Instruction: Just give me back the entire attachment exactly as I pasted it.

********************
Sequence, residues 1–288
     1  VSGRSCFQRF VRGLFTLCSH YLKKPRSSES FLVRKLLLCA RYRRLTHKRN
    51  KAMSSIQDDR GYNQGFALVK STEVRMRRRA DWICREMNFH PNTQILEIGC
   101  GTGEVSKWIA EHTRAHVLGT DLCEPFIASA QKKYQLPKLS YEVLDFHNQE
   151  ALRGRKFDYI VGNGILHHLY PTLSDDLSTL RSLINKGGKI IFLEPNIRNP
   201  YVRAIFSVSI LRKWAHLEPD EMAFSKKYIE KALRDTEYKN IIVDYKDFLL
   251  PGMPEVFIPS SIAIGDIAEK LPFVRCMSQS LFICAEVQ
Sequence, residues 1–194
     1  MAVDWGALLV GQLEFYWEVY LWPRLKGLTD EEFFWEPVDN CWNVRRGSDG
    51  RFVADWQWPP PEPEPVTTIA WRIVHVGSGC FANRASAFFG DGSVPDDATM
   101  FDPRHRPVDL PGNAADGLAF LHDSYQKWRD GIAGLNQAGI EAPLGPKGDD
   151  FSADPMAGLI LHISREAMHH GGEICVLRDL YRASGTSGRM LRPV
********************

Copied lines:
Sequence, residues 1–288
     1  VSGRSCFQRF VRGLFTLCSH YLKKPRSSES FLVRKLLLCA RYRRLTHKRN
    51  KAMSSIQDDR GYNQGFALVK STEVRMRRRA DWICREMNFH PNTQILEIGC
   101  GTGEVSKWIA EHTRAHVLGT DLCEPFIASA QKKYQLPKLS YEVLDFHNQE
   151  ALRGRKFDYI VGNGILHHLY PTLSDDLSTL RSLINKGGKI IFLEPNIRNP
   201  YVRAIFSVSI LRKWAHLEPD EMAFSKKYIE KALRDTEYKN IIVDYKDFLL
   251  PGMPEVFIPS SIAIGDIAEK LPFVRCMSQS LFICAEVQ
Sequence, residues 1–194
     1  MAVDWGALLV GQLEFYWEVY LWPRLKGLTD EEFFWEPVDN CWNVRRGSDG
    51  RFVADWQWPP PEPEPVTTIA WRIVHVGSGC FANRASAFFG DGSVPDDATM
   101  FDPRHRPVDL PGNAADGLAF LHDSYQKWRD GIAGLNQAGI EAPLGPKGDD
   151  FSADPMAGLI LHISREAMHH GGEICVLRDL YRASGTSGRM LRPV